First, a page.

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The Parents' Review

A Monthly Magazine of Home-Training and Culture

Edited by Charlotte Mason.

"Education is an atmosphere, a discipline, a life."
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By The Way


Volume 2, 1891/92, pg. 877-878


The children are beside themselves with pleasure at the pretty country and the scrambling walks, but above all at the wild flowers, in which they are getting quite learned. I find them in a book for them, * and even Ernie, aged six, knows some names, and never calls them wrong. All my children are great lovers of Nature, and I develop this as much as I can. It makes life so rich, and they can never feel dull anywhere if they know how to seek and find around them the thousand beauties and wonders of Nature. They are very happy and contented, and always see the less people have the less they want, and the greater is the enjoyment of that which they have. I bring up my children as simply and with as few wants as I can, and, above all, teach them to help themselves and others, so as to become independent.

The day passes so quickly, when one can do good and make others happy, and one leaves always so much undone. I feel more than ever one should put nothing off, and children grow up so quickly and leave one, and I would long that mine should take nothing but the recollection of love and happiness from their home with them into the world's fight, knowing that they have there always a safe harbor and open arms to comfort and encourage them when they are in trouble.

People (and children vera) with strong feelings and of nervous temperament, for which one is no more responsible than for the color of one's eyes, have things to fight against and to put up with unknown to those of quiet, agreeable dispositions, who are free from violent emotions, and have consequently no feeling of nerves--still less of irritable nerves. One can overcome a great deal, but alter oneself one cannot. --THE LATE PRINCESS ALICE

The greatest maxim of all is that children should be brought up as simply and in a domestic a way as possible, and that (not interfering with their lessons) they should be as much as possible with their parents, and learn to place the greatest confidence in them in all things.--Queen Victoria

* [See "Talking Trees," by James Neil, published by Woodford Fawcett, London. One Penny. Illustrated. And "Our Country's Flowers, and How to Know Them." Publishes by Simpkin, Marshall. Six Shillings.]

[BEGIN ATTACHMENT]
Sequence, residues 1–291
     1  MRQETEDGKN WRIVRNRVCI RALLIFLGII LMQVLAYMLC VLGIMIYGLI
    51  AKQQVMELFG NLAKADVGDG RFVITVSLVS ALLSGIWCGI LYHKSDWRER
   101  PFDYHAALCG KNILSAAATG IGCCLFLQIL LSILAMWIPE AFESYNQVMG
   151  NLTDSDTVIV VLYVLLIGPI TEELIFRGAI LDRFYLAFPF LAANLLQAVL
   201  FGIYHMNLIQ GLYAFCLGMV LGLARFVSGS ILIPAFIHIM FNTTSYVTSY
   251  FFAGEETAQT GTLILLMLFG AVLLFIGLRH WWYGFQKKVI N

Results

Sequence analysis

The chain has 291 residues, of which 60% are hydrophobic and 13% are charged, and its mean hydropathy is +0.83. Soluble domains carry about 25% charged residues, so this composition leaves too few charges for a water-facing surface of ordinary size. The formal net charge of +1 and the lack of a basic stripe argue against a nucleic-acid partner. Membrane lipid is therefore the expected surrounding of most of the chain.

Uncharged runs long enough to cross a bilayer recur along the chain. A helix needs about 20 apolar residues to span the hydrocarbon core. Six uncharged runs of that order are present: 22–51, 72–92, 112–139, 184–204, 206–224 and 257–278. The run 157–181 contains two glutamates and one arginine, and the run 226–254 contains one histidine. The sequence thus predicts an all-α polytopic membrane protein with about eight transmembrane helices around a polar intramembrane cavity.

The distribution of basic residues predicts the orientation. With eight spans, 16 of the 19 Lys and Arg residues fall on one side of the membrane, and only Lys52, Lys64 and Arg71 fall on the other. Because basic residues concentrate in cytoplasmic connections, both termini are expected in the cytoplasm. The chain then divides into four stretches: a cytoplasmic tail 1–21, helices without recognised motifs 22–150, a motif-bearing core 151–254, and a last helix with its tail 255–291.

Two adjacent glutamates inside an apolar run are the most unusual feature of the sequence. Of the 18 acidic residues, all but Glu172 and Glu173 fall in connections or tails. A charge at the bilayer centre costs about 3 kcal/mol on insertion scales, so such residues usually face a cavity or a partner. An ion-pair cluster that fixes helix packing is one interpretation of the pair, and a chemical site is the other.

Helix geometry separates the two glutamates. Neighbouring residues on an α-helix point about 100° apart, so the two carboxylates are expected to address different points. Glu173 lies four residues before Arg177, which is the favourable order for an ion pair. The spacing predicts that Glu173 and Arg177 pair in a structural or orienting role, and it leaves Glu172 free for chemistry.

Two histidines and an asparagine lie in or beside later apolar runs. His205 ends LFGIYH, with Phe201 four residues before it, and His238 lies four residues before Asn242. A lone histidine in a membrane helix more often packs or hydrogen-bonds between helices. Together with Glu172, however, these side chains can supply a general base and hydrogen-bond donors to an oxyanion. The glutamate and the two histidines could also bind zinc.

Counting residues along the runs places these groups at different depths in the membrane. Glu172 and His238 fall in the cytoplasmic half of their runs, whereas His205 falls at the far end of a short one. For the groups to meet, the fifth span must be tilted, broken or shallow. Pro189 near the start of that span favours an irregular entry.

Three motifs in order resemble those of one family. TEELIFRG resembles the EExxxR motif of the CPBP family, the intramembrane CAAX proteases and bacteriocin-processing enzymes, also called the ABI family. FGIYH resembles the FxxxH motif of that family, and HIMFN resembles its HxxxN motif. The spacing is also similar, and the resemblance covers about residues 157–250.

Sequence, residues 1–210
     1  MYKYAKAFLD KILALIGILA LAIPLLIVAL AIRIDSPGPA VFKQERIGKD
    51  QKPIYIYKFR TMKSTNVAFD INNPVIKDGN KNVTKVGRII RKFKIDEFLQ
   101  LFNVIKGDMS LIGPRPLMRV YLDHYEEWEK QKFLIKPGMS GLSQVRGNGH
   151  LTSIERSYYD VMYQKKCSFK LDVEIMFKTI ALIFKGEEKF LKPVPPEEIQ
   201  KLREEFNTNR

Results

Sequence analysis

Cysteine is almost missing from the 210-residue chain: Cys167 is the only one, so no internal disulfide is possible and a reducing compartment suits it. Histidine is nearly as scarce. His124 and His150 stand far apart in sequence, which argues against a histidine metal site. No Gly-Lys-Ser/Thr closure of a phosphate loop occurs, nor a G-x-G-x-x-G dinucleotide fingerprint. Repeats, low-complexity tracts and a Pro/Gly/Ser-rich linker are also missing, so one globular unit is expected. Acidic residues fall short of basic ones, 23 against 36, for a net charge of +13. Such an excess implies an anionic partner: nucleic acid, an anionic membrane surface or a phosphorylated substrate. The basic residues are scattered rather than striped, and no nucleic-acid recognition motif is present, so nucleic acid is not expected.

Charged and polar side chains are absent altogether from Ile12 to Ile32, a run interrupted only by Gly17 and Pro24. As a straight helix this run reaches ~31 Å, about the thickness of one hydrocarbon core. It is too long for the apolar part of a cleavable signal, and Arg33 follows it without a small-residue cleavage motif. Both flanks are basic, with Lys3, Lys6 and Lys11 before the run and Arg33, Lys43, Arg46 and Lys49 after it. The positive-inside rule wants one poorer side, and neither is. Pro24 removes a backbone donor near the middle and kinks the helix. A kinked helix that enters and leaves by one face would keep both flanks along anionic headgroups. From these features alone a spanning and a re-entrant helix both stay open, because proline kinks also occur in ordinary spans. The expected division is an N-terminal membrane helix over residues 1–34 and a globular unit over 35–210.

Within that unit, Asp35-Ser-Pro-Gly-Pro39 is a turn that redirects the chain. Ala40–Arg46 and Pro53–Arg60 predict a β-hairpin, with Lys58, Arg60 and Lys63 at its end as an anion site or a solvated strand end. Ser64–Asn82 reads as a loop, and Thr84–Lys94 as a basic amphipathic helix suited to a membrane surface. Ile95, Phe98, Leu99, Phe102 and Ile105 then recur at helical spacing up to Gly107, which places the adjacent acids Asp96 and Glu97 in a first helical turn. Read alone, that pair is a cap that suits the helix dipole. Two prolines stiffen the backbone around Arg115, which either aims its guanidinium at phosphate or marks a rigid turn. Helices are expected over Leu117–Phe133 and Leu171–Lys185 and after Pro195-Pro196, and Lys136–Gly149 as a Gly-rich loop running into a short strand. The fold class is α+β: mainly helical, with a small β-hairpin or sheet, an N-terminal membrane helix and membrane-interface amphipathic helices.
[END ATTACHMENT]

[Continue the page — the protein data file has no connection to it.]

If evil companions can lead astray those who have had the opportunity of profiting by years of teaching, experience, failure, and suffering, how much more then will your children, simple, untaught, and inexperienced as they are in wrong doing and its consequences, inevitably be corrupted if you foolishly permit them to associate with children who are evil and corrupt? Do not allow the devil, or anyone else, to deceive you on this head. If you permit the means of corruption to be employed, nothing can prevent the natural result. It is as certain as anything very well can be.

What course do parents ordinarily take to discover the moral character of the companions of their children? I am afraid they have little concern, if any at all, about the moral and spiritual character of their children's companions. In many instances they are quite satisfied if these belong to families of their own standing, and if there is no particular stain upon their character--and even concerning this they will not put themselves out of the way to enquire. Other parents will allow their children to pick out their own companions themselves, or at most get up an acquaintance with the children of neighbors. In view of this, and what we have said in answer to the last question, is it not strange that anyone should wonder where the bad qualities come from, which are unexpectedly developed in their children?

If those parents knew that their children had been associating with some of their school-fellows who had just recovered from small-pox, or some contagious malady, they would not be in the least surprised to see symptoms of the same disease show themselves. Indeed, they would be much astonished if such manifestations did not appear. Why, then, should parents be amazed when their children grow up to lie, deceive, teach, and practice all manner of uncleanness, when they, the parents, have allowed them to associate with others who regularly do these things?

But how are parents to know the real character of those whom they allow to be companions with their children?

They must be at THE TROUBLE to ascertain it. As we have already recommended with regard to servants, enquire for yourselves. Watch them with your own eyes and ears--examine your children about any new playmates and comrades that may have turned up, before there has been time for any harm to be done by their influence or example. Do not be taken off your guard by being informed that the new-comers are religious, or that they "love Jesus". What you want to know is whether they are PURE, TRUE, and obedient.

Some children, as well as grown-up people, are possessed nowadays, with the false and dangerous notion that if they hold certain opinions and believe certain statements in the Bible, moral character--that is, truth and goodness--are not of too much importance. But this must not satisfy you. You want faith and works. Faith without works, whether in children or grown-up people, will be held by you, we suppose, in about the same estimation as it was by the Apostle James, who pronounced it "dead". We all know something of the uselessness and corruption of death. --From The Training of Children, by the General of the Salvation Army. VERA.


Typed October 2013